Before he had left the village, he planted a kiss on my forehead and promised that he would visit again as soon as he could, but I never saw him again.
I had spent as much time as I could in the small training grounds, preparing for his next visit and determined to impress him when he did come again. As time passed, I became stronger, and the other children left me well alone, but the village became poorer. I used my blanket to curl up along with some of the younger orphans
After four years of waiting, I had learned that my role model had been murdered in cold blood by his father.
I had lost my will to live, and spent every minute lying on my back on the edge of the empty little fountain in the town square. The food that some of the villagers had to spare for me, I handed to the younger orphans.
Days after I had heard the news that Lord Niklaus had passed through the village, and I had heard that he was the strongest man in all the lands, so I had begged him to let me join him. He had agreed and, when we reached the mansion, he had put me through his three tests. I did badly in the first two but, determined to pass, in the hallucination that was the third test, I protected what I thought to be his whereabouts with my life, and he let me stay on as a servant.
Even though it was not much, I had been ecstatic. There was a magnificent new training room, ten times the size than the one I had been used to, and I was in a mansion full of people with stories similar to mine, with whom I bonded over time.
I snapped back to reality with a small jump, and lowered my gaze, "I apologise, my lord."
"What is on your mind?" he asked.
Surprised to be asked such a question from my master, I replied, "I was thinking about the day you found me, my lord, and changed my life."
"You were miserable," he said, but in an amused voice, "You have much improved. I am proud to say that I do not regret hiring you."
"Thank you, my lord," I said, my heart a-flutter.
"Are you hungry?"
"No, thank you, my lord," I replied, "I would much rather work on finding Lady Victoria's cure."
From the upper corner of my eye, I could see the first traces of a smile.


"Enter," I said as I heard the annoying rapping on my door, and one of my Animos entered. It was the one I had sent to try and negotiate with Klaus's warriors.
"Good afternoon, Majesty," he said, "I am sorry, but Klaus's warriors simply refuse to make way. One had specially gone to his mansion to try and reason with him, but he had returned with a threat, I'm afraid."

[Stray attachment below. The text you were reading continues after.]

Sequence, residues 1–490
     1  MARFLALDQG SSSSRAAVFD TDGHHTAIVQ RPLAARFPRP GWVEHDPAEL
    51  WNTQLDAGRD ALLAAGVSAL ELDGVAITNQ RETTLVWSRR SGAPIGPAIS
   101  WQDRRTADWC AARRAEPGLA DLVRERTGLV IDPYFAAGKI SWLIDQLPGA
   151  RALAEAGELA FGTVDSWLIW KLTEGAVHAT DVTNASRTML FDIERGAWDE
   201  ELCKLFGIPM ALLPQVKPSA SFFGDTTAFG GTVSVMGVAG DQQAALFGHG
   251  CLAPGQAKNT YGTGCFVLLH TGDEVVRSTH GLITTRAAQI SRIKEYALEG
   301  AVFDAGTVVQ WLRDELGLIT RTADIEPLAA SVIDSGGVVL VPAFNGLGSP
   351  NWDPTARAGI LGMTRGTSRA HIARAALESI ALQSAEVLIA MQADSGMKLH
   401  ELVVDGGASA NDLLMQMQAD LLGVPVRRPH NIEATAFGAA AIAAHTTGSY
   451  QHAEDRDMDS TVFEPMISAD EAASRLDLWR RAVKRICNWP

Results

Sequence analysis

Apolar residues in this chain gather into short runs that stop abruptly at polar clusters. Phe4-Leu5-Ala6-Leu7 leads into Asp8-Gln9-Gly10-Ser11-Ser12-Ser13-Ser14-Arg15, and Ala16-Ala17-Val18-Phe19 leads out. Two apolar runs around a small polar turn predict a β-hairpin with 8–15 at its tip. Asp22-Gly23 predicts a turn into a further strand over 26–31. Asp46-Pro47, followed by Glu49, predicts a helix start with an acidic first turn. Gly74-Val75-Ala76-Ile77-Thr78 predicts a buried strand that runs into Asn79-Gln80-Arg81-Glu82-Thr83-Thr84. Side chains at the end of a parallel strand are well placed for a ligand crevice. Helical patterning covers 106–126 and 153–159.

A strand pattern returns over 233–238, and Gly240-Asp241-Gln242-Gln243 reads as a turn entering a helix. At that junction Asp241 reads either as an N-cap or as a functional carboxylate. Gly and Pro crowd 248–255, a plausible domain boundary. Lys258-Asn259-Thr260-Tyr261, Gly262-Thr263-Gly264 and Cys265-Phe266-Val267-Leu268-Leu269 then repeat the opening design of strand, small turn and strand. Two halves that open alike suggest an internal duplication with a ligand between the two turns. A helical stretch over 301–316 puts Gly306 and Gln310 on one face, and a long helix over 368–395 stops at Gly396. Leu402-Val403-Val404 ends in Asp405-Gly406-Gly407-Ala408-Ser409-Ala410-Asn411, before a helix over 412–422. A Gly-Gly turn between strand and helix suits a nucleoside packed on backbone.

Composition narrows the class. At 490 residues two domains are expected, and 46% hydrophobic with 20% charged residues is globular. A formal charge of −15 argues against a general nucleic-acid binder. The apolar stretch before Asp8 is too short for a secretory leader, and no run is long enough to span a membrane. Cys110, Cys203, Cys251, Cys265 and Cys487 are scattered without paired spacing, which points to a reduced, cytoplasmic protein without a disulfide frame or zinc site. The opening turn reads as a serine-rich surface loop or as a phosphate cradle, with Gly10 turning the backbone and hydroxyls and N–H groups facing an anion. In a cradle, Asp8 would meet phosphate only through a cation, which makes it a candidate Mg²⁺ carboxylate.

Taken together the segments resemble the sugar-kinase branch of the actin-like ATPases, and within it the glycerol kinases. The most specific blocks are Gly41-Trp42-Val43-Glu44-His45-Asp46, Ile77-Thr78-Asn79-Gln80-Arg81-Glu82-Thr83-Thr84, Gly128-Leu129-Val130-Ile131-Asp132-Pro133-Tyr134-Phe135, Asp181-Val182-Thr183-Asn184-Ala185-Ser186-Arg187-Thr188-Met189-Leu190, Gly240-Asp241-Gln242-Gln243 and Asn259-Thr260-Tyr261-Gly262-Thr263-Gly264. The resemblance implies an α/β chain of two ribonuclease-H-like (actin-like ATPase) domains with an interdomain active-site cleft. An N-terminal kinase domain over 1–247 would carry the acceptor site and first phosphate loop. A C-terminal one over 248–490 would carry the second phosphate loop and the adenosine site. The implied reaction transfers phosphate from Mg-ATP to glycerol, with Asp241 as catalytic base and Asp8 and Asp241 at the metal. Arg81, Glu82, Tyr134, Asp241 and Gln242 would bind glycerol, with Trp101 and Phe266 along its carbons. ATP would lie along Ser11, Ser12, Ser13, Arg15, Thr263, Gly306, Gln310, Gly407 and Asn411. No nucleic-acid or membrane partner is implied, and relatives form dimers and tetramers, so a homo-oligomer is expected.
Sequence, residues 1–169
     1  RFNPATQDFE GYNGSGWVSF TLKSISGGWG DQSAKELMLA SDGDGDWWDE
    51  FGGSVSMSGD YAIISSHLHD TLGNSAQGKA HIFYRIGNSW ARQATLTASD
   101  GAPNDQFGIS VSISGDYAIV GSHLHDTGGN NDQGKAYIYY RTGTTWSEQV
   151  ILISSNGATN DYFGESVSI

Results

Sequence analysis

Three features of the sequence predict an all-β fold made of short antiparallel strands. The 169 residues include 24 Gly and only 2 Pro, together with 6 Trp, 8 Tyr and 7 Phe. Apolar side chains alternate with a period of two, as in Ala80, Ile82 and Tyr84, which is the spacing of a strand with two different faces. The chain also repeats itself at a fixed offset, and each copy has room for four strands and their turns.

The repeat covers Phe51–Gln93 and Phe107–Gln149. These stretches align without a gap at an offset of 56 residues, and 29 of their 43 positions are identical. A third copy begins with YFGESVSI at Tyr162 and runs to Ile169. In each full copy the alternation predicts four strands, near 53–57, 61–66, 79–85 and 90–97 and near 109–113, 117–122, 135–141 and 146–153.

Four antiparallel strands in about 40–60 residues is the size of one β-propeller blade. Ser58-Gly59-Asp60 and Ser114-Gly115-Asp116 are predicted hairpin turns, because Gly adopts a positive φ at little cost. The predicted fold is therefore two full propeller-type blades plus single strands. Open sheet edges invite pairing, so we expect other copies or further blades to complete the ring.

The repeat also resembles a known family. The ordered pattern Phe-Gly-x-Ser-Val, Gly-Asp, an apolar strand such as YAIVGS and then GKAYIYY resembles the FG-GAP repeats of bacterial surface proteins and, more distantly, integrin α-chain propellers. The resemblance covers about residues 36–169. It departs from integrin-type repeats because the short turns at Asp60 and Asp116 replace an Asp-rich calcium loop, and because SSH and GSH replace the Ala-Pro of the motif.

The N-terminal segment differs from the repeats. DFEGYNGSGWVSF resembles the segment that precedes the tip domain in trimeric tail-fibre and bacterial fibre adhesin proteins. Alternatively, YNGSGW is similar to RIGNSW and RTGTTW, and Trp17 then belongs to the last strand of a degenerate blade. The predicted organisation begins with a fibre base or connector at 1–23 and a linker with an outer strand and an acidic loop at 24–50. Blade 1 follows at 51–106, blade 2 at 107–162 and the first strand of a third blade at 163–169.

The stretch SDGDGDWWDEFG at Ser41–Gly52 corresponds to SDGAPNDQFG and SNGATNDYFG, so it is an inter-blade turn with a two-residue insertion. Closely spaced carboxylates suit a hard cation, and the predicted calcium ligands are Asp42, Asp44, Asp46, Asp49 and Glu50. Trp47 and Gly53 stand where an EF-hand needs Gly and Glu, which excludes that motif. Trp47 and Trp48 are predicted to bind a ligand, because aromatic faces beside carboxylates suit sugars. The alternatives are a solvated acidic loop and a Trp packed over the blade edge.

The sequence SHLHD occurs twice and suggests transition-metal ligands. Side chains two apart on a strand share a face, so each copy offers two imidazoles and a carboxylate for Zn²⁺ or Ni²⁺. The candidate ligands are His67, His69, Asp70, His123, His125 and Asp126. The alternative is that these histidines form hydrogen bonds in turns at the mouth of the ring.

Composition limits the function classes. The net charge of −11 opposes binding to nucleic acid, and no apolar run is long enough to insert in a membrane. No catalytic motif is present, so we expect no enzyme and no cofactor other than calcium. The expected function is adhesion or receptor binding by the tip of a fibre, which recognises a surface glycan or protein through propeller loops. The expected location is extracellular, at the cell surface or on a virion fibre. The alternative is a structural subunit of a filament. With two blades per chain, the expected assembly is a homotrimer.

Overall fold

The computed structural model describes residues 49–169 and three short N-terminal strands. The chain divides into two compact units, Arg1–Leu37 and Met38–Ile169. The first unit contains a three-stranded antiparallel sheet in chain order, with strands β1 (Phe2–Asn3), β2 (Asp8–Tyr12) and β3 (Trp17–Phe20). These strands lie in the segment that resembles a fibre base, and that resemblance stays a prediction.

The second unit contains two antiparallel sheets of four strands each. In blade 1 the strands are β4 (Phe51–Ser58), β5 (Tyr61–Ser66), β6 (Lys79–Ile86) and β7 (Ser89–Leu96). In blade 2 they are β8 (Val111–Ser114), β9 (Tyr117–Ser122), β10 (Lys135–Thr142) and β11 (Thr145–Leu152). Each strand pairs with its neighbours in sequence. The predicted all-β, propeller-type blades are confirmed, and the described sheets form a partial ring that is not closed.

"Did this warrior tell him that it is on Lady Winter's direct orders that I act?" I asked, outraged.
"Yes, your majesty, but he called her a coward for not speaking with him herself."
"How arrogant!" I growl, "Thank you for the report. You are dismissed."
As soon as the door clicked shut behind the Animos, I slammed my hand on my desk. That selfish bastard! He had no idea what kind of internal turmoil I had gone through in the decision, and when I had finally reached one, he just turned me down! Did he not realise that I was trying to save Victoria's life?
I ran my fingers through the hair that Victoria never verbally acknowledged. What was I going to do, in a situation like this? There was no way I could stop an immortal man no one knew anything about from kidnapping Victoria, and the only person who could have been able to help me in that quest was too arrogant to attempt it!
Why, just now I had been busy with possible strategies that would ensure Victoria's safety. We could have had her alternate between two secure locations in our own lands. There would have been no way this Morrow Obsidian could scour two entire countries before she had been moved to the next location. She would not have liked it, but she would have gone with anything that would keep her alive.
But of course, Klaus was flattering himself. He must have thought that I was simply growing desperate to see Victoria again, and had made up some codswallop. One of these days, his arrogance was going to get the best of him.


Days passed, and any sign that Lady Victoria had been injured had disappeared. However, when I pointed this out to Lord Niklaus one morning, he cut me short.
"Do not be fooled," he said, "That mixture you used: Sundrop and Sungrass do, indeed, have healing properties, but they cannot keep damage like this at bay forever. Like I told you before, what Victoria is going through is similar to an auto-immune illness. Her body is rejecting the unstable power within her, so we can continue healing her body, but it will just tarnish itself again. We need to rid her of the Dark side."
After he had told me this, I doubled my efforts when working with Lord Niklaus. I racked my brain to the point of its destruction until, one afternoon, a little less than a week after she had woken up, there was soft knocking on the door.
"Yes?" Niklaus asked irritably. Claude entered.
"My lord, Lady Victoria has convinced Sebastian to spar with her to prove everyone that she has become stronger."
"Why not you?" I asked.
"She knows that Sebastian will not hesitate to hurt her in a fair fight."